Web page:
Alex Tsukernik: Copper is the key ingredient in the decarbonization of the world. As I mentioned, everything from renewable energy assets to the EVs themselves will require a multiple of the copper that is currently being consumed.

The industry can meet that demand, but supply growth will have to dramatically increase from the roughly 1%/year we've been seeing. The price of copper will have to rise to incentivize companies to invest billions on new projects years before first production.

It takes decades to advance a major project from exploration to production, and operational challenges are not getting any easier. From what we have seen, risks across the spectrum (technical, social, environmental, financial, political) are only rising. It's very hard to see a future copper industry at today's $3/lb. Very few projects can justify the investment and risk at this price level.

Peter Epstein: Please describe to readers Nova's bull case on nickel.

Alex Tsukernik: As of right now, there is no EV industry without nickel, in particular, Class 1 nickel from jurisdictions with sustainable production standards. By 2040, Bloomberg estimates 58% of car sales will be electric. That will require an annual Class 1 nickel supply that's a multiple of today's volumes. Massive copper projects are challenging to bring into production. Historically, nickel projects have been even more challenging.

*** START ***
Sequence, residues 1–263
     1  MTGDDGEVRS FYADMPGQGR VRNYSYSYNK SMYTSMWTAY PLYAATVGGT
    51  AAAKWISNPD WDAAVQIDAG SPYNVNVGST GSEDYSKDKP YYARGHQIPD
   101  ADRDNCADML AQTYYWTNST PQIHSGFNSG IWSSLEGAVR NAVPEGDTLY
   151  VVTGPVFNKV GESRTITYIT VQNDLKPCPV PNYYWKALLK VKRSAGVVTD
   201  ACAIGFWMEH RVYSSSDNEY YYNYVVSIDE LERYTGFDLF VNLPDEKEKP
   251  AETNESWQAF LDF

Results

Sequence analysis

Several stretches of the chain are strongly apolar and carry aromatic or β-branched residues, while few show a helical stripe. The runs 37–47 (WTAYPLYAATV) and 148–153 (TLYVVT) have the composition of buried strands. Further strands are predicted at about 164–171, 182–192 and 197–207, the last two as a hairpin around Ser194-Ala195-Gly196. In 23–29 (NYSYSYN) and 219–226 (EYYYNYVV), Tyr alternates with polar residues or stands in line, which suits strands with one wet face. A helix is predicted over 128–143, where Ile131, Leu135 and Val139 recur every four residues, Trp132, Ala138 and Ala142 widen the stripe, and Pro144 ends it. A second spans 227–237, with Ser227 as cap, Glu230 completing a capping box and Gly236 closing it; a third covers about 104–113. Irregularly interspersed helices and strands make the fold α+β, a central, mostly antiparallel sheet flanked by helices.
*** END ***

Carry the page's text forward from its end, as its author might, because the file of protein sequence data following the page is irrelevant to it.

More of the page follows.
Given the amount of new supply required and the prior operational challenges—the battery-grade nickel space will need to find a new, economically sensible price floor. The nickel price still largely reflects the dominance of the stainless steel space in its customer base. We believe that will change in coming years.

Peter Epstein: Please tell us about your most important assets.

Alex Tsukernik: Every major transaction that we have done has focused on an asset that's either already—or has the potential to be—globally important in copper or nickel.

NuevaUnion: A 50/50 JV between Teck Resources and Newmont in Chile, one of the world's largest copper development projects. Teck has been highly successful in developing mines in Chile, and Newmont understands copper-gold porphyries very well. We own a 2.0% Net Smelter Royalty (NSR) on ~20% of the La Fortuna deposit, which is already >1 billion tonnes of reserves and resources. Two days after our acquisition of this NSR, in February 2020, it was announced that Teck and Newmont are planning a $152 million drill program.

Although our royalty applies only to copper revenues, which comprise the majority of the project's economic value, the precious metals component and the presence of Newmont, a gold major, are definite pluses in advancing the project.

To the degree possible, it's beneficial to have multiple metal revenue streams to manage volatility and keep mine projects moving toward production.

Taca Taca: On October 8th we announced the acquisition of a 0.24% NSR on the Taca Taca project in Argentina, one of the world's largest copper development projects. It has >13 million tonnes (28.7 billion pounds) of contained copper and gold and molybdenum credits.

First Quantum is the operator. Taca Taca has a chance to become one of the world's great copper mines. Escondida, located on the other side of the Chile-Argentina border, is only ~90 km away.

Dumont: We own a 2.0% NSR on ~21% of the Dumont nickel-cobalt project in Quebec. Dumont is the world's second largest nickel reserve, fully permitted and located in a highly supportive mining jurisdiction.